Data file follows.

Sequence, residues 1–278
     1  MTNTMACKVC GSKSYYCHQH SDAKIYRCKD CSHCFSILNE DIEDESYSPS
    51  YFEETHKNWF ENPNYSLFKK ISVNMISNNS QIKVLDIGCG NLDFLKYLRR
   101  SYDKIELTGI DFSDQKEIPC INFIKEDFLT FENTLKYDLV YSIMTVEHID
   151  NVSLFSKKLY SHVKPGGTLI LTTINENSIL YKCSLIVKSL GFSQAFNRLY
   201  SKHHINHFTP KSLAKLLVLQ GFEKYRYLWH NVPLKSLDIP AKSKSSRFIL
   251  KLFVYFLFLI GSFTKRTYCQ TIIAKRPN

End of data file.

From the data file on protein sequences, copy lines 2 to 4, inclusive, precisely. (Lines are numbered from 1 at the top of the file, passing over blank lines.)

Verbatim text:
     1  MTNTMACKVC GSKSYYCHQH SDAKIYRCKD CSHCFSILNE DIEDESYSPS
    51  YFEETHKNWF ENPNYSLFKK ISVNMISNNS QIKVLDIGCG NLDFLKYLRR
   101  SYDKIELTGI DFSDQKEIPC INFIKEDFLT FENTLKYDLV YSIMTVEHID